comment by Vladimir_Nesov · 2015-07-05T16:13:35.098Z · score: 1 (1 votes) · LW · GW

I strongly believe in effective altruism and they do not. [...] I am being outvoted two-to-one by people who believe saving lives and saving souls are nearly equally important.

Differences in belief about what's important are somewhat independent from differences in disposition about pursuing effectiveness. A person may have very unusual beliefs about what's important (i.e. caring about lives of insects), but remain motivated to seek the most effective ways of influencing these things.

comment by aarongertler · 2015-07-10T04:32:20.087Z · score: 0 (0 votes) · LW · GW

This is the best article on EA and religion that I've seen so far, and uses selective Bible quotes to make points:

https://www.givingwhatwecan.org/blog/2014-12-02/christianity-and-giving

Of course, you can use selective Bible quotes to make nearly any point, so this probably won't work if framed as a counterargument. Perhaps you can just show it to your cofounders and ask what they think, as the beginning of a discussion about what God might want or what Christians owe to non-Christians.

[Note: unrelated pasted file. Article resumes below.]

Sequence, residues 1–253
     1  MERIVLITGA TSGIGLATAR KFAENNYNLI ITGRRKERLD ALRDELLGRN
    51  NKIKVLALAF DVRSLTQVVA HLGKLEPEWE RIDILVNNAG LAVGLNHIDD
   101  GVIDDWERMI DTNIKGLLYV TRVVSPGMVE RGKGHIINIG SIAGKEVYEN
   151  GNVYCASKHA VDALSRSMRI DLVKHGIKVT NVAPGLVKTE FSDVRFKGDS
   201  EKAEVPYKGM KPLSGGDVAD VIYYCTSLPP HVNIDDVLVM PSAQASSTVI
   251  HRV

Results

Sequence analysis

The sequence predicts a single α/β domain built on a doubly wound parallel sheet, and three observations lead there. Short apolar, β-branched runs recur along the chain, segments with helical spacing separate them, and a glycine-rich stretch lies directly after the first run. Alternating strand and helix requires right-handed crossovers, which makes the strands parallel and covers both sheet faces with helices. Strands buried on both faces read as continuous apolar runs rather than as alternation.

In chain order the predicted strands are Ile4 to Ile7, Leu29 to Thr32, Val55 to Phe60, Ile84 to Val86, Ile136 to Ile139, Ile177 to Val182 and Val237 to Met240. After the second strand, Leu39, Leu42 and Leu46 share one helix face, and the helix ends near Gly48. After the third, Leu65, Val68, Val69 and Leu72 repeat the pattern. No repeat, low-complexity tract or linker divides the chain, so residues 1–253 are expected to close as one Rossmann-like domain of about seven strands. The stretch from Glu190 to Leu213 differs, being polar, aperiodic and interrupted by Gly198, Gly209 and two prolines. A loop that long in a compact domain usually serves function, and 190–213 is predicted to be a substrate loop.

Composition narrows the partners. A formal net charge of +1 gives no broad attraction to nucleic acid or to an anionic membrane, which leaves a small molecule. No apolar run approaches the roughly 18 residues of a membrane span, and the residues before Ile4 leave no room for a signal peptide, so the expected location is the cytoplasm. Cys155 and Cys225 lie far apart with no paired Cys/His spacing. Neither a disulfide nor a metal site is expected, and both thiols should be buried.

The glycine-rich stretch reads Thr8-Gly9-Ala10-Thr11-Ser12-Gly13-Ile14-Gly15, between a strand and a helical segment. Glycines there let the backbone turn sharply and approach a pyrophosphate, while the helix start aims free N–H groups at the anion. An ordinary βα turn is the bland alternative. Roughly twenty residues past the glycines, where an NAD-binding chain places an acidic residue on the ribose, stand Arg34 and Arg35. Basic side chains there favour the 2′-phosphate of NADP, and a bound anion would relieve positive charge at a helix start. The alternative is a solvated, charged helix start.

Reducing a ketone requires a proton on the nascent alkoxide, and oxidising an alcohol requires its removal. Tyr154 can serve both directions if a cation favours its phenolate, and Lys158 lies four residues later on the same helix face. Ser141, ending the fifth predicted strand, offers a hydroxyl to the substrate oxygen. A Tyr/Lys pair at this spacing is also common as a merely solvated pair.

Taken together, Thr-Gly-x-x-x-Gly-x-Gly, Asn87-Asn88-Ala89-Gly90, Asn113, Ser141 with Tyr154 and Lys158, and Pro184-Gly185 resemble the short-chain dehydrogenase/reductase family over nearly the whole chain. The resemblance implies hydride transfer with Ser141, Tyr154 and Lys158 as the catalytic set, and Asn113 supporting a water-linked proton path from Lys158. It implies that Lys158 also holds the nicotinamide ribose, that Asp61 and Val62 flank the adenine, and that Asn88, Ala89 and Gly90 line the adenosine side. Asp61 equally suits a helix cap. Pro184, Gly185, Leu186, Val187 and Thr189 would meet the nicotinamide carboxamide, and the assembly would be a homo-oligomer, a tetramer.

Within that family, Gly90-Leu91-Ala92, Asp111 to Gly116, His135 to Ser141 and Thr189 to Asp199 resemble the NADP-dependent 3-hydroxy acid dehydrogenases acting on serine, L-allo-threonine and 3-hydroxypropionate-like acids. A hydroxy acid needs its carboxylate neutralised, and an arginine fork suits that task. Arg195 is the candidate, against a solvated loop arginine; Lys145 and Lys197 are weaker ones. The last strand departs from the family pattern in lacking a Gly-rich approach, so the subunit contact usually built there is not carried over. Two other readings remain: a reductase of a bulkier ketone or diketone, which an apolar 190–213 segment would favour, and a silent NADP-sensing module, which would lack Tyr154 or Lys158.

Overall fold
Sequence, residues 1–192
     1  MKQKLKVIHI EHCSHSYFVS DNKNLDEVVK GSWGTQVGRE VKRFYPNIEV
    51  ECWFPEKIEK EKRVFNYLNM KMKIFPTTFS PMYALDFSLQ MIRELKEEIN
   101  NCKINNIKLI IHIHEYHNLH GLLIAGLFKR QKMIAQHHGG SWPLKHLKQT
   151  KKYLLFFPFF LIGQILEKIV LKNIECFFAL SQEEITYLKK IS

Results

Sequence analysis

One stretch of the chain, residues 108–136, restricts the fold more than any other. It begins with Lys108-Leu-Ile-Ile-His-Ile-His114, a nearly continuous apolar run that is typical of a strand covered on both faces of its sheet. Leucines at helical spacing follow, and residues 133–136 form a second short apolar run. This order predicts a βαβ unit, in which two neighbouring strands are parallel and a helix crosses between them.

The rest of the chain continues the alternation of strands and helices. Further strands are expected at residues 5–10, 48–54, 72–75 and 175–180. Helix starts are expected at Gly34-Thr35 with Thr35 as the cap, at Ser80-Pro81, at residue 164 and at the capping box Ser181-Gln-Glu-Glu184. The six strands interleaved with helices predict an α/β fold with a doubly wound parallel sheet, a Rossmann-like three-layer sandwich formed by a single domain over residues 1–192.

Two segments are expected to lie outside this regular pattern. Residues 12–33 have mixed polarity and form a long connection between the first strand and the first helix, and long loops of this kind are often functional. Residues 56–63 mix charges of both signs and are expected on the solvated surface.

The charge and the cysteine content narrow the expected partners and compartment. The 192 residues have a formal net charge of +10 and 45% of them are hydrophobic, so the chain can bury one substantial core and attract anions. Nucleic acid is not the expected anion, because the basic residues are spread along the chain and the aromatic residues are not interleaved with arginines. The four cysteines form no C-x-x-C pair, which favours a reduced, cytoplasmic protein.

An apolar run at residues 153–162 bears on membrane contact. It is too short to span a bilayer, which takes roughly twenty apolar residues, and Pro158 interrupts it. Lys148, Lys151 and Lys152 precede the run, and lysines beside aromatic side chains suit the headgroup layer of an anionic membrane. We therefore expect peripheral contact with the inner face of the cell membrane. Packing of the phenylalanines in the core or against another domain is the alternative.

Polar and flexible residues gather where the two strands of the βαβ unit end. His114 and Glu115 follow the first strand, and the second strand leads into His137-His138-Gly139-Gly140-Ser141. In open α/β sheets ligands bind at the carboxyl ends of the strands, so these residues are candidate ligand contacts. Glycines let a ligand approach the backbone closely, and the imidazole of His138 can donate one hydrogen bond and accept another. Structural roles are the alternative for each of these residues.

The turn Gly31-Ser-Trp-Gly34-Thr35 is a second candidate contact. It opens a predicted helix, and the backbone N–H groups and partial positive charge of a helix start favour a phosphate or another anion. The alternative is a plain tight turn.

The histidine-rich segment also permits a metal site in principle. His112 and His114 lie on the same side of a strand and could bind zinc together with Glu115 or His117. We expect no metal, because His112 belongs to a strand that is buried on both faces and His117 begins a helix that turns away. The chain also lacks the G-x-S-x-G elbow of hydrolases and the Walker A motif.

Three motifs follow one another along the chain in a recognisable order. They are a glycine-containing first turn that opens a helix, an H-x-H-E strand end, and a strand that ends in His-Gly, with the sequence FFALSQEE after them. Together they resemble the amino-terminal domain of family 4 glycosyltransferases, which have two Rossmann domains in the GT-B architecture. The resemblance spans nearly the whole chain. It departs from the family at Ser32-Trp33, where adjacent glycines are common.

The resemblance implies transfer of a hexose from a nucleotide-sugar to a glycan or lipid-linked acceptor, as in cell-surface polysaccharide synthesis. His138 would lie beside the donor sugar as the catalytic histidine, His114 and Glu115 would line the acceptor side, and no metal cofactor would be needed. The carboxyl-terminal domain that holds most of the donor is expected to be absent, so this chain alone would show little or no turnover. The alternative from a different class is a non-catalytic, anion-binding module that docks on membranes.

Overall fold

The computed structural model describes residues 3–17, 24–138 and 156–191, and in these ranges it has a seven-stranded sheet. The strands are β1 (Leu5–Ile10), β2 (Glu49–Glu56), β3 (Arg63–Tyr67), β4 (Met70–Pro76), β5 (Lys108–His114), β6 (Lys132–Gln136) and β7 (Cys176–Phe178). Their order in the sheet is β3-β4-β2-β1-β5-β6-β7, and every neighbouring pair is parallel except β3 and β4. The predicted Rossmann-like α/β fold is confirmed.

But I second MattG's advice that leaving is probably advisable, particularly if the above goes nowhere.

comment by rancar2 · 2015-07-01T16:03:23.589Z · score: 0 (0 votes) · LW · GW

There are a few partners in the EA community that may be able to help. We have US 501(c)(3) status and likely will charge inline with your arguement (proven effective programs by evidence-based charities are fee-free). Feel free to reach out to me to see what we may be able to help with, randy@charity.is.

comment by Bryan-san · 2015-07-01T00:40:19.010Z · score: -2 (6 votes) · LW · GW

So... a large part of what you're doing involves teaching christians how to psychologically manipulate people into donating more money towards converting more people into Christianity?

How likely is it that these two who have the voting control will vote you out of decisions or convert all future efforts into only evangelical efforts?

What percent of future dollars do you think will be spent on purely evangelical efforts and have you fully justified the harm they will/may do by greater benefits elsewhere? (I'm not sure how to calculate the harm of converting someone to a belief system that isn't grounded in reality. I bet someone here has done so before.)